By now, we've all seen the footage of San Francisco police stopping a fully driverless Cruise taxi, and quickly realizing that "ain't nobody in there." Then we saw the car unexpectedly take off, motoring through an intersection, safely and legally — though we're all figuring out the safe and legal nuances of robots on the road as they occur. We all could only imagine how the police would have reacted if there was a human being behind the wheel.

"Why was this driverless car behaving as if it was completely drunk?" reads one tweet. "If an officer pulled me over and then I moved forward to a safe spot, they'd say I was evading and arrest me. So why wasn't that car arrested? [Laughing emoji]," said a YouTube comment. "The police were confused? The car looked confused," said a comment on this website; another read: "Bad cars, Bad cars, Whatcha gonna do?"

"Welcome to the future. Cop pulls over driverless car (because no lights?) Then Cruise goes on the lamb," read another tweet. (We're going to be the grammar police and pull over that last sentence: "lamb" is a young sheep; "going on the lam" means running away or being a fugitive from the law.) Also, the story was all over the morning programs this morning, including CBS Mornings, as seen below.

Fittingly, and with no small degree of irony, the traffic stop happened on April First, and even the big guns pulled out their best puns. CNN reported that the now-infamous Cruise taxi is known as 'Rigatoni.' "For a minute, it looked like Rigatoni was in hot water," CNN said.  

Cue rimshot here.

In what seems like the start of a bad 1980s sci-fi movie where the machines eventually rise up against their prideful, self-congratulating inventors, it has been a long, inevitable road to get to the point where even law enforcement is visibly flummoxed on what to do with an AV that isn't following the rules of the road. In March, the first permits were granted to Alphabet-owned Waymo and General Motors-owned Cruise — the unwitting comedic star of this story — to provide autonomous-vehicle taxi service to paid passengers.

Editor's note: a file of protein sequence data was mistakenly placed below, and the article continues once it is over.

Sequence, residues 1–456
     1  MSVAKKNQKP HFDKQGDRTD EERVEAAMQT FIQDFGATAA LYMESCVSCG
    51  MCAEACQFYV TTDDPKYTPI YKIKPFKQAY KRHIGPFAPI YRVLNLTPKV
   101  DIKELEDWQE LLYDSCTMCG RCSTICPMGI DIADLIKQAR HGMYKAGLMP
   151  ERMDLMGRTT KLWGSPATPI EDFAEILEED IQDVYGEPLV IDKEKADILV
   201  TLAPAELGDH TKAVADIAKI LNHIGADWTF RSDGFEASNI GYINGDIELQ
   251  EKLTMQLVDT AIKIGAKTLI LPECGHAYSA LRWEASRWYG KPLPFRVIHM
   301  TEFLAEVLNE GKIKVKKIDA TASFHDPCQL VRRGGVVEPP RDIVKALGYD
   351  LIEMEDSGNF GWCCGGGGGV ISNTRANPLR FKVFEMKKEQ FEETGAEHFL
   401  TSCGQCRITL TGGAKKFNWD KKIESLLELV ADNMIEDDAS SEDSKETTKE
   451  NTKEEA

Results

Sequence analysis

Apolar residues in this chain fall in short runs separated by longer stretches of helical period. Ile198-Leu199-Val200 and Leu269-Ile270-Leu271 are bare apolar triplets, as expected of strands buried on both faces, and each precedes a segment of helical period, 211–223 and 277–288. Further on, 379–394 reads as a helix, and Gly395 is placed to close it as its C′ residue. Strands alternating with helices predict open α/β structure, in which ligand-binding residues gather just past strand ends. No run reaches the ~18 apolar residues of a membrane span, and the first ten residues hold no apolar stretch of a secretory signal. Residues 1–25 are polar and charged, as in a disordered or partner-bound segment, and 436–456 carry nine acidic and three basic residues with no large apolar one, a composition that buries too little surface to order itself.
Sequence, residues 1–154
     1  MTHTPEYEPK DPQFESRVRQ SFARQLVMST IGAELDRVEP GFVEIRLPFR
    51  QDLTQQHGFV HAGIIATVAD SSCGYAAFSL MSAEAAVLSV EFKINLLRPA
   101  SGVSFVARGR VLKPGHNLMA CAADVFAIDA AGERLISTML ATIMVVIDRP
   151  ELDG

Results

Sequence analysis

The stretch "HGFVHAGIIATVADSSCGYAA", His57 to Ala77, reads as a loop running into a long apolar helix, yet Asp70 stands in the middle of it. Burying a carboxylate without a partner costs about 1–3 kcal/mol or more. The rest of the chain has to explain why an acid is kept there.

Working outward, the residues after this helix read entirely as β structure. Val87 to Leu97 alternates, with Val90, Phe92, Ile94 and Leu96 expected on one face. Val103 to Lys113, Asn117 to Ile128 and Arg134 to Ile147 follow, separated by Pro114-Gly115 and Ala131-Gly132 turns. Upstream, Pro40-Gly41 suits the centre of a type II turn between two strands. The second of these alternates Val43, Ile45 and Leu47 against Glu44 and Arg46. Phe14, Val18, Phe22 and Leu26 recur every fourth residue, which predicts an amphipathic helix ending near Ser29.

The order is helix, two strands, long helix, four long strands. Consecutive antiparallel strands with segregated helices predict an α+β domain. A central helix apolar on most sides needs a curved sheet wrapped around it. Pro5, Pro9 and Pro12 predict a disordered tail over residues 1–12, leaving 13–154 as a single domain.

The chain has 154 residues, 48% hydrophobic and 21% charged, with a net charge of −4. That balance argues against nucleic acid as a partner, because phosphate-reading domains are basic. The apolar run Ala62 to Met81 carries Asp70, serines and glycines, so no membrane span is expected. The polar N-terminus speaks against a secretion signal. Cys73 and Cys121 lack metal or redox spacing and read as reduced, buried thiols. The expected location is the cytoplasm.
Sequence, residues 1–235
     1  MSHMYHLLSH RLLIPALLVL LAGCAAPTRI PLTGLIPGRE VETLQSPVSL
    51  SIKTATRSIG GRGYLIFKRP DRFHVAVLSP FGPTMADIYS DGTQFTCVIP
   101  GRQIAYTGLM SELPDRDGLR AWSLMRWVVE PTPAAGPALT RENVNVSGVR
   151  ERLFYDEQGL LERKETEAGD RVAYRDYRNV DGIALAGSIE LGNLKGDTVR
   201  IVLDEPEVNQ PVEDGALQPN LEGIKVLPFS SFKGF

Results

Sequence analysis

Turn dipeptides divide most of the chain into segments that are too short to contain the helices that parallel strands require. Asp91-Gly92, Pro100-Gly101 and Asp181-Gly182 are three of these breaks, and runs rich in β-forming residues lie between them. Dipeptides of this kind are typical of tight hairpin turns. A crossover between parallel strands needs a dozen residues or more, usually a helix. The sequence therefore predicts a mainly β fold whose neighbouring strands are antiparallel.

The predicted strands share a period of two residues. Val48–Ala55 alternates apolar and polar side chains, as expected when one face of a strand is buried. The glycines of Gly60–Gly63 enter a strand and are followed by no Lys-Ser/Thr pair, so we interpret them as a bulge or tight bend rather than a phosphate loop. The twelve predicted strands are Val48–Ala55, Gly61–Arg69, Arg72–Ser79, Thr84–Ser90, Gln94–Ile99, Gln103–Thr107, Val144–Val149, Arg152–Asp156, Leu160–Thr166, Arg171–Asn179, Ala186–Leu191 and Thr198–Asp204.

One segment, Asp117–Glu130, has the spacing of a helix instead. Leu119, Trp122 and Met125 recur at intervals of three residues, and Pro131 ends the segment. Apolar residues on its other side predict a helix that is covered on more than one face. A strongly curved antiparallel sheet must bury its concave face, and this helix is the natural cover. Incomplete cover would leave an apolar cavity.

In October of last year, residents in the Richmond District — where the driver-less Cruise taxi was pulled over — appeared to have witnessed the training of robot cars in the art of the three-point turn . . . over, and over, and over again. People described hearing the low hum of the electric, autonomous SUVs late into the night, as they went to bed. "There are some days where it can be up to 50,” said one person."It's literally every five minutes."

An investigation by the San Francisco Examiner "bears out what’s obvious to city residents: The streets of San Francisco have become a giant, photogenic AV test course where this technology will show its promise and perils in real time."

Lets not forget the original self-driving outrage: the Tesla. In January, the New York Times ran a full-page ad declaring, "We did not sign up our families to be crash test dummies for thousands of Tesla cars." (The ad was, however, affiliated with a rival self-driving software company.)

Stephen Colbert, who owns a Tesla — which he described as a "golf cart that had sex with a pegasus" — commented in 2015 about his car's ability to receive software updates overnight via the automobiles Wi-Fi. "There are so many sudden changes overnight with your car, it's like your car is going through puberty."

One of those software updates was the semi-autonomous-driving feature. "Finally, a high-tech alternative to jamming a brick on the gas pedal and jumping in the back seat," Colbert said.